Federation

SSO emerging solutions

Federated SSO is a solution in response to the real-world problem of users accessing Web applications across security domains. The development of federation products was initially driven by the Web access management (WAM) vendors. The current market also includes stand-alone federation products and others, including SSL VPNs, virtual directories, fine-grained authorization and XML/Web services security.

Common applications for federation include the following:

  • Web SSO to benefits Web sites: Employees at a large corporation can authenticate once when accessing the employee portal and get access to external benefits Web sites (for example, retirement investment accounts).
  • Intra-organization Web SSO: Due to subsidiary acquisitions and political issues within large corporations, heterogeneous Web applications are distributed across multiple security domains, but users can get Web SSO to these applications.
  • B2C partnerships: Some businesses with common customers can provide "one-stop shopping" with a single authentication and personalized environment.

In the case of the travel industry (airline, hotel and car rental Web sites), the user's destination city and airport, as well as their length of stay, can be shared between the businesses to provide a seamless shopping experience.

Most federation deployments use security assertion markup language (SAML) to facilitate Web SSO. SAML assertions are XML-based documents that are typically digitally signed by the identity provider, who is responsible for the initial user authentication.

When the user arrives at the service provider's site, the service provider retrieves the user's SAML assertion, validates the identity and authentication status and enables access to the local resources without reauthentication.

Federation technologies have coalesced around the SAML 2.0 specification, which unifies the SAML 1.x standard, the Liberty Alliance Identity Federation Framework (ID-FF) specification, and others. SAML 2.0 is not backward compatible with the SAML 1.x specification, which many federation early adopters are currently using. A number of federation deployments leverage Liberty Alliance's ID FF1.2 to support user global logout.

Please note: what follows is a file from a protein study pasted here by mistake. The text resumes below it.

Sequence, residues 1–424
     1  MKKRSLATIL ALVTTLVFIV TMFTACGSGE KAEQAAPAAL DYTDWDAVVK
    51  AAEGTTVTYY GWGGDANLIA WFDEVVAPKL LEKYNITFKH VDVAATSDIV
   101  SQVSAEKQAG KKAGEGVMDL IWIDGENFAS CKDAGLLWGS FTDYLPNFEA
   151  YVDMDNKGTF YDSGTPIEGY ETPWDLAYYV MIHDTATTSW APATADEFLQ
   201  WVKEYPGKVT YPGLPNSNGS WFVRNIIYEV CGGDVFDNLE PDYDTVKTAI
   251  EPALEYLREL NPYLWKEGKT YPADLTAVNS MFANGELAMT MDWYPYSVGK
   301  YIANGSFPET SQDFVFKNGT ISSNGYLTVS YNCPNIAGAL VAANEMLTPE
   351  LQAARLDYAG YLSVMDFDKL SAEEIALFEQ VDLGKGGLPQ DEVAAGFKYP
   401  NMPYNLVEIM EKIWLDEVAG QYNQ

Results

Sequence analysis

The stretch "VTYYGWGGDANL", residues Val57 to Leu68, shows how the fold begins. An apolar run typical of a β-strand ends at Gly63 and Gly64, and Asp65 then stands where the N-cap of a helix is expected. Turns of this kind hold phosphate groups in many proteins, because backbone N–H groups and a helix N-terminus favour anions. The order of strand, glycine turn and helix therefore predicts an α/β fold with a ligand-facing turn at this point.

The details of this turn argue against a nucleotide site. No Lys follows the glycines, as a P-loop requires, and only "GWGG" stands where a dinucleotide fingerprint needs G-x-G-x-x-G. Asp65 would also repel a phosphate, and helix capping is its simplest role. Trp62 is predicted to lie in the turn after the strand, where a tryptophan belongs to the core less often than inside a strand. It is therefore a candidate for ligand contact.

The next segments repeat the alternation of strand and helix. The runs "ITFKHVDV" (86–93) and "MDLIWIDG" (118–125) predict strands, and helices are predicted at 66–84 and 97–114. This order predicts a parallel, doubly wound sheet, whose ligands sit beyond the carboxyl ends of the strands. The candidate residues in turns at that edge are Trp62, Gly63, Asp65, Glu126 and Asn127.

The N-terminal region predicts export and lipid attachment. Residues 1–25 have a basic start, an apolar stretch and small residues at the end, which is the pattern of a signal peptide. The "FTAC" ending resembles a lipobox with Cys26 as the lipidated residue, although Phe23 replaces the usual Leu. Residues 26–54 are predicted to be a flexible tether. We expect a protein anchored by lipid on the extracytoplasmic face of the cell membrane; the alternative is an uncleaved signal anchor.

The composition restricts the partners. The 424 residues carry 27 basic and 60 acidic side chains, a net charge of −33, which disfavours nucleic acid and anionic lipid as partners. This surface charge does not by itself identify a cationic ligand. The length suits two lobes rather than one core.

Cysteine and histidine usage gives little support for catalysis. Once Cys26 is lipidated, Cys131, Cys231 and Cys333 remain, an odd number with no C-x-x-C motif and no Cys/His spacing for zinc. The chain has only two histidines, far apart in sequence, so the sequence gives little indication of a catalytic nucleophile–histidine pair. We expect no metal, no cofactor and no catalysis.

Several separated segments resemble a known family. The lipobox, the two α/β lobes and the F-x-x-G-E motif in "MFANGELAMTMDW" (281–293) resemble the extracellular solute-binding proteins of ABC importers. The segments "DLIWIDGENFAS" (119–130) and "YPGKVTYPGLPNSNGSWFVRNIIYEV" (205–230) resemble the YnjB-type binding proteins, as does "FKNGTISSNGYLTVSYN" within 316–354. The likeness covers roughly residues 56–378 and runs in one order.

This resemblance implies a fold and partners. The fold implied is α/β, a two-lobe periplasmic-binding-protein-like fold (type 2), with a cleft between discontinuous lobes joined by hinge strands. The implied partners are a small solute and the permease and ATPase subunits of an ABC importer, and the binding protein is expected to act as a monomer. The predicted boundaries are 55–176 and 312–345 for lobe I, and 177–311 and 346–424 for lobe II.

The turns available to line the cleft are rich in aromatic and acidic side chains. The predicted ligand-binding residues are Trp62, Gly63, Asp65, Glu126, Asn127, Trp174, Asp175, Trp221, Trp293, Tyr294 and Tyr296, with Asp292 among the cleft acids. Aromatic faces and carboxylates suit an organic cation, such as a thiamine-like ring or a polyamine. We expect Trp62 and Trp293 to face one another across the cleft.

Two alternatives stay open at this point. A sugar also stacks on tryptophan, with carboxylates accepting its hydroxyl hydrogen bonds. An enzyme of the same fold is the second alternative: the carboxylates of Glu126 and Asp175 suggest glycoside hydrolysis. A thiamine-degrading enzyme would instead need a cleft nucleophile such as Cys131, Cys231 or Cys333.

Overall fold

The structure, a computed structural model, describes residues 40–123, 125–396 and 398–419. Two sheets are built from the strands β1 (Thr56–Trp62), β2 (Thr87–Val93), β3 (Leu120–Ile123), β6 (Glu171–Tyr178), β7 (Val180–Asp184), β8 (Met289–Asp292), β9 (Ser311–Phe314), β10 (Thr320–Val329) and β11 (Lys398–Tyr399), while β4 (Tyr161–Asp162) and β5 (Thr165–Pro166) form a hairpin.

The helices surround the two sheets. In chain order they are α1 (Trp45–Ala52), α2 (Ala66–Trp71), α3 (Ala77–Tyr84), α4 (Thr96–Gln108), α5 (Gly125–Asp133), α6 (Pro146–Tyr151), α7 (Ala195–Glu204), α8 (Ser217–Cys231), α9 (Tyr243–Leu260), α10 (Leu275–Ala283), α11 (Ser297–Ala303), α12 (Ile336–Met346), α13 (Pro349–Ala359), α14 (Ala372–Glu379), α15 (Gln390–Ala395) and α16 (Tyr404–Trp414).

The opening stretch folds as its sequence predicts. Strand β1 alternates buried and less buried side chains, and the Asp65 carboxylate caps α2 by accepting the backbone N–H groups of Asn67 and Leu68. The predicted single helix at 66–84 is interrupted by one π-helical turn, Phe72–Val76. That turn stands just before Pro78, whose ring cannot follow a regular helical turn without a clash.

To add to the mix, Microsoft released Active Directory Federation Services (ADFS) as part of Windows Server 2003 R2 in early 2006. ADFS does not utilize SAML 2.0, but instead uses WS-Federation. Within the enterprise, ADFS can also be utilized to facilitate cross-forest trust in a firewall-friendly manner. ADFS includes support for a SAML 1.1-based token, but not the SAML protocol.

Interoperability between WS-Federation and SAML-based environments is provided within some federation products. Many federation products can also bridge the gap between the other standards available in the marketplace and provide interoperability between WS-Federation, SAML 1.x, Liberty and SAML 2.0 federation systems.

While federation technologies do a good job of providing Web SSO, some challenges remain.

First, the negotiation of the legal federation agreements between organizations can be complicated due to liability and trust issues. Some of the difficulty with business agreements can be attributed to the industry's lack of experience with this process. But over time, these agreements will become easier. Moreover, the increase in industry marketplaces that leverage federation will help provide all implementers with more real-world examples.

While federation can facilitate user authentication, most service provider Web applications require the creation or mapping of a known user account.

Lastly, PKI permeates federation, as it is the default mechanism to establish technical trust between the identity provider and the service provider. Compared to other PKI models, federation has a simpler approach since digital certificates are not issued to users. Rather, certificates are issued to the federation components, like the identity provider and, potentially, the service provider. Organiza-tions must pay close attention to the certificates' expiration date, or risk interrupting user access to Web resources. Other challenges with PKI exist (for example, secure key storage and trust hierarchies)

--Mark Diodati

Web Access Management
[how it works]

Web access management (WAM) systems provide SSO across heterogeneous Web applications and are a staple in most large enterprises. Unlike eSSO systems, WAM systems typically do not replay usernames and passwords into Web applications; they go beyond eSSO by providing authorization controls to Web resources. WAM systems do not have clients, per se, since access to resources is via the Web browser.